Bright, John, A History of Israel, third edition, Philadelphia: Westminster Press 1973
Brown, Francis, S. R. Driver, Charles A. Briggs, The New Brown--Driver--Briggs--Gesenius Hebrew and English Lexicon, with an ap-pendix containing the Biblical Aramaic, annotated by Jay P. Green Sr, Peabody: Hendrickson Publishers, 1979
Catholic Biblical Association of America, The New American Bible, Nashville: Thomas Nelson Publishers, 1970
Confraternity of Christian Doctrine, The New American Bible, St. Joseph Medium Size Edition, New York: Catholic Book Publishing Co., 1970.
Kohlenberger, John R. III, editor, The NIV Interlinear Hebrew-English Old Testament, Volume 1, Genesis-Deuteronomy, Grand Rapids: The Zondervan Corporation 1979
Luther, Martin, translator, Die Bibel oder die ganze Heilige Schrift des Alten und Neuen Testaments, nach der deutschen ubersetzung Martin Luthers, Stuttgard: Wurttembergische Bibelanstalt, 1964.
McKenzie, Stephen L., "Deuteronomistic History" in The Anchor Bible Dictionary, editors David Noel Freedman, et al, 6 volumes, New York: Doubleday, 1992, II 160-8.
Miller, Patrick D., Deuteronomy, Interpretation, A Bible Commentary for Teaching and Preaching Series, Louisville: John Knox Press, 1990
O'Collins, Gerald G., "Salvation", in The Anchor Bible Dictionary, editors David Noel Freedman, et al, 6 volumes, New York: Doubleday, 1992, V 907-914.
Owens, John Joseph, The Analytical Key to the Old Testament, volume 1, Genesis-Joshua, Grand Rapids: Baker Book House, 1990,
Stuart, Douglas, "Exegesis" in The Anchor Bible Dictionary, editors David Noel Freedman, et al, 6 volumes, New York: Doubleday, 1992, II 682-688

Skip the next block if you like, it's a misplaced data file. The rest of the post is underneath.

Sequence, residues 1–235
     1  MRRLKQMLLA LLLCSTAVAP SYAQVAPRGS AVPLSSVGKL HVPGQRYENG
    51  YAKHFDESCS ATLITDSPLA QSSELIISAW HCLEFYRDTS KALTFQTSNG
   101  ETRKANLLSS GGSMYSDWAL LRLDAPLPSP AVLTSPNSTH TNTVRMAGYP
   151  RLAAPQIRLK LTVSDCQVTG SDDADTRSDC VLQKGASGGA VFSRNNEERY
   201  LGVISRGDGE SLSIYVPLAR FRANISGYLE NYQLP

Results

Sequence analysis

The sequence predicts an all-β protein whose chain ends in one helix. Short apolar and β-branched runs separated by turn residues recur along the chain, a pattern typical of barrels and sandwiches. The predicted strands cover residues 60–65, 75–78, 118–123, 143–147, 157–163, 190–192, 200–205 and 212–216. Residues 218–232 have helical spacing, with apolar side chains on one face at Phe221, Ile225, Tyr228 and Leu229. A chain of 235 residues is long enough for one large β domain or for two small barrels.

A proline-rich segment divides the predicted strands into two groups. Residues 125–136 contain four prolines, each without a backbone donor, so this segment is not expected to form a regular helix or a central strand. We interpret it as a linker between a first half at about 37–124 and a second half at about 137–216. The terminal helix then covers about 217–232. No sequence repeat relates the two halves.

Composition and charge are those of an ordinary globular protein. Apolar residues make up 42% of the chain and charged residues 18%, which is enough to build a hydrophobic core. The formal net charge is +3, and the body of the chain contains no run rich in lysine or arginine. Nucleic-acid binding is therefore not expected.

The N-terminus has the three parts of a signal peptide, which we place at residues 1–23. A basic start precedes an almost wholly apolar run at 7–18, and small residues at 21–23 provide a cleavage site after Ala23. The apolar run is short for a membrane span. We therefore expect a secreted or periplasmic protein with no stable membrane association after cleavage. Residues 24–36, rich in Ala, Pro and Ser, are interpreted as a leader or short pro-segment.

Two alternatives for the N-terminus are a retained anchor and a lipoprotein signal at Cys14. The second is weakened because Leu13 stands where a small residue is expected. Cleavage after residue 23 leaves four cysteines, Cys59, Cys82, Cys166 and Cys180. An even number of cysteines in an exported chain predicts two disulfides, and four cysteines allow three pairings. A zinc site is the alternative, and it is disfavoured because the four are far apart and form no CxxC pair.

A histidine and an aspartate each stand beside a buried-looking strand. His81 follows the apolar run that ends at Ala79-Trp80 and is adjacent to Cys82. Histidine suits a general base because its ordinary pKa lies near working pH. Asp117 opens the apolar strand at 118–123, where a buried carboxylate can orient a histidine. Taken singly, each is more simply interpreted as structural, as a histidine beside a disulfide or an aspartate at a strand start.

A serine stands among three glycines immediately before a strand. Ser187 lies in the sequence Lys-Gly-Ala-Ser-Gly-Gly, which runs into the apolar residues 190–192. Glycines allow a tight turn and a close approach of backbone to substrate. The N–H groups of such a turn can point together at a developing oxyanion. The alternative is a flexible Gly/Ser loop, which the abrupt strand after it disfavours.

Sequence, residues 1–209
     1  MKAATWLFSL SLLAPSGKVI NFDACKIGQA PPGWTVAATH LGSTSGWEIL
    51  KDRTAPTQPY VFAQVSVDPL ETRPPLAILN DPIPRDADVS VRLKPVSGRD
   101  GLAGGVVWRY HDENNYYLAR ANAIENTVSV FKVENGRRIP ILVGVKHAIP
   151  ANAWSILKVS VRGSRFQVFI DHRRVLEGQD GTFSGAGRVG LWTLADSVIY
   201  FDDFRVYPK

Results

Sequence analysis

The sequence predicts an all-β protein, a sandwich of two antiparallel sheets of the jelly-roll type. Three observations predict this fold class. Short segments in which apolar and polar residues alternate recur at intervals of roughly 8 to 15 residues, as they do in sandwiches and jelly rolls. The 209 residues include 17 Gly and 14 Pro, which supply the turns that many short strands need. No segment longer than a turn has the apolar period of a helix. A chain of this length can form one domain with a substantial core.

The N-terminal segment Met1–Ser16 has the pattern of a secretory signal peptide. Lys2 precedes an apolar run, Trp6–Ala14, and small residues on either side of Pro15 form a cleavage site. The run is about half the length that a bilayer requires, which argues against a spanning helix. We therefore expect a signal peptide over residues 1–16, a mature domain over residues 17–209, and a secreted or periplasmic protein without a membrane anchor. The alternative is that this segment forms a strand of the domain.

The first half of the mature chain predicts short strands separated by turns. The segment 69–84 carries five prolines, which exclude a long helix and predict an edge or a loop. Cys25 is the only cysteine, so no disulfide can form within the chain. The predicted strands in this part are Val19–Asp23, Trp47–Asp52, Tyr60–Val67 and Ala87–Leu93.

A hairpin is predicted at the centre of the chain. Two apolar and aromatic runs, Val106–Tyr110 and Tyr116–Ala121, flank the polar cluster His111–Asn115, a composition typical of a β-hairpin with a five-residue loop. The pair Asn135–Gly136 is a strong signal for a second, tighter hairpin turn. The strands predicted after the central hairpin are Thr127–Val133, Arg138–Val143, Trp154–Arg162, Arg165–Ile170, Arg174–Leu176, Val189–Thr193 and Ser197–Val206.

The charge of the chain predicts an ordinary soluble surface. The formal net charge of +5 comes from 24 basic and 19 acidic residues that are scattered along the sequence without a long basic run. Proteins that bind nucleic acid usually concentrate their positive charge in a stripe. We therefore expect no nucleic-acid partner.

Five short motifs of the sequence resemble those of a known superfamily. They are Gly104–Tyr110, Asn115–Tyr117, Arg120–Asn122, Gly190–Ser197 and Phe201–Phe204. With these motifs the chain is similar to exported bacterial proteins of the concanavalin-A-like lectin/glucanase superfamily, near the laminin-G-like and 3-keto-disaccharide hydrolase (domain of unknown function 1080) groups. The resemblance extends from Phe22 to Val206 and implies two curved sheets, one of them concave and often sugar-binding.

Von Rad, Gerhardt, Deuteronomy, A Commentary, translator Dorothea Barton, The Old Testament Library, Philadelphia: The Westminster Press, 1966
Weinfeld, Moshe, "Deuteronomy, Book of" in The Anchor Bible Dictionary, editors David Noel Freedman, et al, 6 volumes, New York: Doubleday, 1992, II 168-183
Wigram, George V, The New Englishman's Hebrew Concordance, revised by Jay P. Green Sr, Peabody: Hendrickson Publishers, 1984
____, Biblia. Det ar all den heliga skrift after den uppa konnung Carl den Tolftes Befallning, Introduction by Martin Luther, edition of 1703, Lund: C. W. K. Gleerup, 1874
____, La Santa Biblia, Antiguo y Nuevo Testamentos, Antigua version de Casiodoro de Reina (1569), revisada por Cipriano de Valera (1602) y cotejada posteriormente con diversas traducciones, y con los textos Hebreo y Griego, London: Sociedad Biblica Trinitaria, date not given
____, The Revised English Bible with the Apocrypha, no city: Oxford University Press and Cambridge University Press, 1989
It is appointed in the LBW for Passion Sunday C in the company of Phil 2:5-11 and Lk 22:1-23:56.
The song has three parts: Israel's election and salvation (4-14), Israel's sin and punishment (15-25), Israel's redemption and vengeance (26-42), bracketed by introduction (1-3), and conclusion (43). Within the redemption and vengeance section are thematic divisions of the enemies' misunderstanding (26-30), the loathsomeness of the enemy (31-35), Yahweh's vindication (36-42). V 35 is introductory to v 36. V. 40-1 are Yahweh's oath of vengeance. V 43 is a concluding verse with an almost liturgical character.
It is difficult to divide this text into thematic units. For comparison:
26 27 28 29 30 31 32 33 34 35 36 37 38 39 40 41 42 43
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There is considerable debate about this assertion. As Von Rad states, "Its nature and origin can be determined only by internal evidence.", Gerhardt von Rad, Deuteronomy, A Commentary, translator Dorothea Barton, The Old Testament Library, (Philadelphia: The Westminster Press, 1966) 195. I hold here to the view of Eissfeldt and Albright.